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“If a man has an apartment stacked to the ceiling with newspapers we call him crazy. If a woman has a trailer house full of cats we call her nuts. But when people pathologically hoard so much cash that they impoverish the entire nation, we put them on the cover of Fortune magazine and pretend that they are role models.”
-– B. Lester
Joined: Jul 24, 2005 Posts: 8556 Location: In line buying a lottery ticket with my last dollar..
Posted: Thu Apr 17, 2008 12:19 am Post subject: Death of Edward II
The government of Isabella and Mortimer was so precarious that they dared not leave the deposed king in the hands of their political enemies. On April 3, Edward II was removed from Kenilworth and entrusted to the custody of two dependents of Mortimer, then later imprisoned at Berkeley Castle in Gloucestershire where, it is generally believed, he was murdered by an agent of Isabella and Mortimer.
The suspicion was elaborated in a later history by Sir Thomas More:-
On the night of October 11 while lying in on a bed [the king] was suddenly seized and, while a great mattress... weighed him down and suffocated him, a plumber's iron, heated intensely hot, was introduced through a tube into his secret private parts so that it burned the inner portions beyond the intestines.
It was rumoured that Edward had been killed by the insertion of a piece of copper into his rectum (later a red-hot iron rod, as in the supposed murder of Edmund Ironside). Murder in this manner would have appeared a natural death, as a metal tube would have been inserted into the anus first, thus allowing the iron rod to penetrate the entrails without leaving a burn on the buttocks.
According to Norman F. Cantor (In the Wake of the Plague, p. 75):
This savagery partly reflected hostility on the part of the Church and other opinion-makers to the king's homosexuality and his favoritism towards his young French male lover, but it also reflected the general malaise, anger, and pessimism of the new age of global cooling.
It should be noted that this gruesome account is uncorroborated by any contemporary source and no-one writing in the 14th century knew exactly what had happened to Edward II. The closest chronicler to the scene in time and distance, Adam Murimuth, stated that it was 'popularly rumoured' that he had been suffocated. The Lichfield chronicle, equally reflecting local opinion, stated that he had been strangled. Most chronicles did not offer a cause of death other than natural causes. Not until the relevant sections of the longer Brut chronicle were composed by a Lancastrian (anti-Mortimer) polemicist in the mid-1330s was the story of a copper rod in the anus widely circulated. In her biography of the king's wife Isabella, Alison Weir puts forward the theory based on the Fieschi Letter that Edward actually escaped imprisonment and lived the rest of his life in exile. Ian Mortimer, in his biography of Edward III, and in his biography of Roger Mortimer, asserts that Edward II survived for at least another 11 years after his supposed death in 1327, and in fact died in Italy.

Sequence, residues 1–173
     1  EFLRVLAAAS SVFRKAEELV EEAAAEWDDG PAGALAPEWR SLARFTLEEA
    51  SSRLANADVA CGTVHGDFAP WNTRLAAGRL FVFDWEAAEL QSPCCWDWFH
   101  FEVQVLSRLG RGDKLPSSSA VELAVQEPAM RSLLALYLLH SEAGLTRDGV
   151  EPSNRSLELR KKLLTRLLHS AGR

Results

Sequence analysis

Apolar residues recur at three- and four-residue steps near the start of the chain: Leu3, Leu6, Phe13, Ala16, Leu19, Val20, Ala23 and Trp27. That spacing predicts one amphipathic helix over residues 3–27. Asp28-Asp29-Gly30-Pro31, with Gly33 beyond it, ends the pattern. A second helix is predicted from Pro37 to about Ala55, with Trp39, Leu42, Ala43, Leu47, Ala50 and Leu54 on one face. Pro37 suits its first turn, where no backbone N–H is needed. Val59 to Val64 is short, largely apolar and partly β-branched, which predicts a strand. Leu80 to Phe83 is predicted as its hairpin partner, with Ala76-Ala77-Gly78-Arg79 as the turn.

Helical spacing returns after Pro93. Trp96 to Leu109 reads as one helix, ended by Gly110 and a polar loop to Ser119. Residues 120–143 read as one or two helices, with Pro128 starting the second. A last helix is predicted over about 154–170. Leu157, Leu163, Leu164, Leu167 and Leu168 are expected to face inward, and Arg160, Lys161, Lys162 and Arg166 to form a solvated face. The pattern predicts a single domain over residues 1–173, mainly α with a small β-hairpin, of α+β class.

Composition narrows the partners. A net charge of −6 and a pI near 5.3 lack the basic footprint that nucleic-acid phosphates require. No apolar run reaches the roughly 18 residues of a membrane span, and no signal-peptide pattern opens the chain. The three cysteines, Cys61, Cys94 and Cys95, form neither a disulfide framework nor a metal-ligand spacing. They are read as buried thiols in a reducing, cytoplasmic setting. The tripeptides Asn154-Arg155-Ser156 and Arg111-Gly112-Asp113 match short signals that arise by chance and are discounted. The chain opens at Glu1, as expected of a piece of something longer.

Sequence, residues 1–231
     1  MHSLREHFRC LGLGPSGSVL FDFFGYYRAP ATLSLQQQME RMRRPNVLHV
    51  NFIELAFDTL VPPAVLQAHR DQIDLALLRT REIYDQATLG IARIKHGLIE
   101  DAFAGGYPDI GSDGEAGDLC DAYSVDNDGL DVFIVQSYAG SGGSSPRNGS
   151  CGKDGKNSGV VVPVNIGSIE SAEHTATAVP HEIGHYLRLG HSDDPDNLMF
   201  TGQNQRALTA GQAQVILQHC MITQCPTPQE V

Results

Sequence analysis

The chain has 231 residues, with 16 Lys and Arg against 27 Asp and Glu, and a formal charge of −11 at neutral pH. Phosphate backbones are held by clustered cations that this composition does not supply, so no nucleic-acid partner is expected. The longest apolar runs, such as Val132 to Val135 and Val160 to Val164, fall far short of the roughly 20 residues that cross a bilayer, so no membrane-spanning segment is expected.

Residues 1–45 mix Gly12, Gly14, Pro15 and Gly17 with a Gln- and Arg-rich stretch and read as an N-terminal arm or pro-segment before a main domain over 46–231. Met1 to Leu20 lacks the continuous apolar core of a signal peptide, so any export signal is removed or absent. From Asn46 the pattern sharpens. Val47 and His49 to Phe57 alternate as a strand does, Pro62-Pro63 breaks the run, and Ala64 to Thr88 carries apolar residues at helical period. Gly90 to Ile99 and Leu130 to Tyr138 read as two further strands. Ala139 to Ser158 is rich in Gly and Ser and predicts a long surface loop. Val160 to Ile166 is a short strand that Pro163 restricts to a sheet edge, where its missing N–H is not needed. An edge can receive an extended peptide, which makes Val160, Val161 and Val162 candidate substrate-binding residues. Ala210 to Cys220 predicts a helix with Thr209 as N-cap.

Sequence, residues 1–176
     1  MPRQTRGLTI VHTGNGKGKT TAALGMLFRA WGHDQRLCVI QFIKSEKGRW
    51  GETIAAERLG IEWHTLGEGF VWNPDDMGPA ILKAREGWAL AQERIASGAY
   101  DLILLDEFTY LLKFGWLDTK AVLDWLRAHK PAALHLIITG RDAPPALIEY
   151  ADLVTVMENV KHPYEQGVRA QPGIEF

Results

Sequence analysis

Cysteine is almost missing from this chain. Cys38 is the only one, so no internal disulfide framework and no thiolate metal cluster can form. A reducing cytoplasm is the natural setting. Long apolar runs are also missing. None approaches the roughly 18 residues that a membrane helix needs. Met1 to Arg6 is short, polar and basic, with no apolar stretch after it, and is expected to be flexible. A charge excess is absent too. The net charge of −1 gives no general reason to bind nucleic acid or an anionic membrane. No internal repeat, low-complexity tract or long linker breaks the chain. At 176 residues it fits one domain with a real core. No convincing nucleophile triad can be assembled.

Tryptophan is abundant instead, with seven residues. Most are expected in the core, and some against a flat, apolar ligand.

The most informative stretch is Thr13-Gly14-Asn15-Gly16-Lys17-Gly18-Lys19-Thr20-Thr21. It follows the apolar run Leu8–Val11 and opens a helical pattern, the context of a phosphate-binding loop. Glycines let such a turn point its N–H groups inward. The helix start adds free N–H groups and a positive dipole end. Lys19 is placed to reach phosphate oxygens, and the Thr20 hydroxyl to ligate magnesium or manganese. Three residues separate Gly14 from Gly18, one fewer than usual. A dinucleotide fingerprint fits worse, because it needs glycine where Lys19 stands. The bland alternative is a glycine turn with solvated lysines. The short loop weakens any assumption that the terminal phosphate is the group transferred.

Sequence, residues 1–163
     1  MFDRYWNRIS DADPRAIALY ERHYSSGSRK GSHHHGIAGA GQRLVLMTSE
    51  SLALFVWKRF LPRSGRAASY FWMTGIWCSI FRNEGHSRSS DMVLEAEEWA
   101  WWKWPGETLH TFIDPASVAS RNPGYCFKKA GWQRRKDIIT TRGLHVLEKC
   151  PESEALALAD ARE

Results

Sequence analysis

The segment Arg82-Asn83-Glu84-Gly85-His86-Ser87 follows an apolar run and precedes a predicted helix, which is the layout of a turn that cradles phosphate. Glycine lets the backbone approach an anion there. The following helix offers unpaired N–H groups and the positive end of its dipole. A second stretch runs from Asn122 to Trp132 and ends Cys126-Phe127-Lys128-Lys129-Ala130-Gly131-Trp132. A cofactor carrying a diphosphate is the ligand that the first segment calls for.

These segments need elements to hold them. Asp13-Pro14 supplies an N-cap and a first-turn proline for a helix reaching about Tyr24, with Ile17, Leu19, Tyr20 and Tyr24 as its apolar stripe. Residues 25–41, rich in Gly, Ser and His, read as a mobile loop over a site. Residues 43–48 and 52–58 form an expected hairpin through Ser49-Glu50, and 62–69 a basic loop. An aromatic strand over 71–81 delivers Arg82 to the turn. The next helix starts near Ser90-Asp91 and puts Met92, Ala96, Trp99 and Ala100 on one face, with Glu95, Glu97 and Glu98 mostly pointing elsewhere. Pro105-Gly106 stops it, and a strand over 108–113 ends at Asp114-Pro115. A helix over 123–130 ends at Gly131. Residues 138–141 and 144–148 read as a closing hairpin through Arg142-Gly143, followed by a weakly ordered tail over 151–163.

Following the public announcement of the king's death, the rule of Isabella and Mortimer did not last long. Mortimer and Isabella made peace with the Scots in the Treaty of Northampton, but this move was highly unpopular. Consequently, when Edward III came of age in 1330, he executed Roger Mortimer on fourteen charges of treason, most significantly the murder of Edward II (thereby removing any public doubt about his father's survival). Edward III spared his mother and gave her a generous allowance, but ensured that she retired from public life for several years. She died at Hertford on August 23, 1358.
The life and times of Royalty!
Not always so pleasant as fantasy and fairytales make it!
Intrigue and murder were common...
Power & greed corrupting - same then as now!
sometimes you gotta wonder if humanity will ever grow up! _________________ First & foremost, we must be "labeled," being sorted into various groups of "other" is the most important step in "Divide & Conquer" Labels lead to misunderstanding, mistrust, fear - making manipulation easy, we can be counted on to defeat ourselves
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